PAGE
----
Toyota's new robot that glides around like R2-D2 is devoted to a single task: picking things up.
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HSR, short for "human support robot," comes with a single mechanical arm that can grasp objects of various shapes and sizes and also pick up smaller items with a tiny suction cup.
It doesn't have other tricks in its repertoire, except for a computer panel on its head for surfing the Internet. A person can also access the robot from another computer and use it like a camera-phone.
Kouichi Ikeda, its engineer, is serious about using it to help around regular homes. First people with disabilities, and then for the elderly in general. Picking up is especially challenging for people with spinal disorders and other ailments that hamper the ability to stoop down and grab, he said.
"Although it can only do one simple task of picking up, it's already making disabled people quite happy. We're just getting stated, but eventually we want it to enter people's homes," Ikeda said at an exhibition of health care technology in Yokohama, southwest of Tokyo.
Nearly 40 percent of Japan's population will be 65 or older by 2060, and with the rest of the developed world and some developing nations following that track, Toyota is banking on the demand for robot helpers to grow.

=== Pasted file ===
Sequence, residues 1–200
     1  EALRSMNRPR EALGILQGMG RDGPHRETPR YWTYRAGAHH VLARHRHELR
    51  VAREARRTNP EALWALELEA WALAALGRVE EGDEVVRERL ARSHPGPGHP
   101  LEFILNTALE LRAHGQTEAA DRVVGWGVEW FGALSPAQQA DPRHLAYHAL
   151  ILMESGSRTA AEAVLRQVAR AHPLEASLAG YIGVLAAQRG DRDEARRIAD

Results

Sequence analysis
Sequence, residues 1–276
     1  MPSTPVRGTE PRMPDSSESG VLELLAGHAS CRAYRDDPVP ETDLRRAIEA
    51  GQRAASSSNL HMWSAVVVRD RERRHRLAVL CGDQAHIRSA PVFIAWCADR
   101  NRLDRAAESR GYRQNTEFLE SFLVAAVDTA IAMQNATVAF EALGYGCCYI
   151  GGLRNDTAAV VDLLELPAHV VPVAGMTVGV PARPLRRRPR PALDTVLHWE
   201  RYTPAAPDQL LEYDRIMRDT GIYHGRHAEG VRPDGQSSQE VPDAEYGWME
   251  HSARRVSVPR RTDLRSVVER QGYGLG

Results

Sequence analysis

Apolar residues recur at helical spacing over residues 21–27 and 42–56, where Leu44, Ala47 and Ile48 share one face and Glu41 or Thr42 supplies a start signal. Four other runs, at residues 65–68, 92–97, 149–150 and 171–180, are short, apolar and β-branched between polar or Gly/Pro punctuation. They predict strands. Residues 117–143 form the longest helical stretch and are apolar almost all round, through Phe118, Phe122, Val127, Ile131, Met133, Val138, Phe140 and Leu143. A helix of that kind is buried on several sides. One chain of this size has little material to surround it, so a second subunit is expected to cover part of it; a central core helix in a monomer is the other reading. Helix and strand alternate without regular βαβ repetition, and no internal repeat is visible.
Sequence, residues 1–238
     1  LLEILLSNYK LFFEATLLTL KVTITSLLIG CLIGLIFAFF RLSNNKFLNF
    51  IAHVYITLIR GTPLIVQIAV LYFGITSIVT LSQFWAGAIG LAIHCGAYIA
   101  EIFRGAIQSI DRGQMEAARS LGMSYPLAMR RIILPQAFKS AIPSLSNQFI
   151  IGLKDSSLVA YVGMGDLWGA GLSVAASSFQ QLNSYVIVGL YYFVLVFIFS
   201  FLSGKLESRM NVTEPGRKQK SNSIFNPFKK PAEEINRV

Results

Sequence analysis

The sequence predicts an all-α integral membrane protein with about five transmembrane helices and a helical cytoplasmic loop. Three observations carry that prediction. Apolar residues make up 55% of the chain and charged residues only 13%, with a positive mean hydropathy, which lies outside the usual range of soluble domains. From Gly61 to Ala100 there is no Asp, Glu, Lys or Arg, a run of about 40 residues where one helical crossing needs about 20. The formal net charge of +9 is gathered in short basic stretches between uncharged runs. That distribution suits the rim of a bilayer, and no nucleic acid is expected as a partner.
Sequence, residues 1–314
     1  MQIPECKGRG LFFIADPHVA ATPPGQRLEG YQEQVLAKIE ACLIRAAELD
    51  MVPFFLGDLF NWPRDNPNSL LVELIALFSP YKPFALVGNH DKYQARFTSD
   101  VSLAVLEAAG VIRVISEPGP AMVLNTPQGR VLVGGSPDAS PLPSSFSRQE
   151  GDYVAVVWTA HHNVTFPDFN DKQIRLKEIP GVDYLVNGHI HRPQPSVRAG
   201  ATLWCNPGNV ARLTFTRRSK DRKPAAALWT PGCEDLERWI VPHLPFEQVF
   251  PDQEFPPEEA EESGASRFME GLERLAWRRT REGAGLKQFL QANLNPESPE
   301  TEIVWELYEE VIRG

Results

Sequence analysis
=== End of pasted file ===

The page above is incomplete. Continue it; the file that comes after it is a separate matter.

"People feel more comfortable asking a robot to pick up after them than asking a human helper," said Tadashi Hatakenaka, manager and engineer at the Yokohama Rehabilitation Center.
A robot like HSR is also ideal to replace service dogs, which go through special training to help people with various disabilities, including those who use wheelchairs, have balance issues or may be prone to seizures, he said.
Toyota came up with the basic concept model for HSR in 2012.
The revamped model, announced this month, is ready to enter universities, research facilities and businesses from next year, in partnerships to develop more applications, so the robot can enter homes as quickly as possible.
One drawback is cost. Mass production is needed for the price to come down. Toyota declined to give the current price.
Ikeda showed how HSR can be controlled relatively easily by tapping on a tablet device, to fetch a TV remote-controller.
The 135 centimeter (four-foot-four) tall robot has several cameras, including two on its head that look like its eyes, and sensors on its body. It scoots quietly around in all directions.
Unlike the robotic arms at auto-assembly plants, HSR's grip and bumps are designed to be soft so they can't hurt anyone. But it can pick up items weigh up to 1.2 kilograms (2.6 pounds).
There was no attempt to make its design cute, like the Pepper childlike robot that recently went on sale in Japan from Japanese Internet company Softbank Corp.
Toyota has long been working on robots, including a human-shaped one with fingers dexterous enough to play the trumpet. Another plays the violin.
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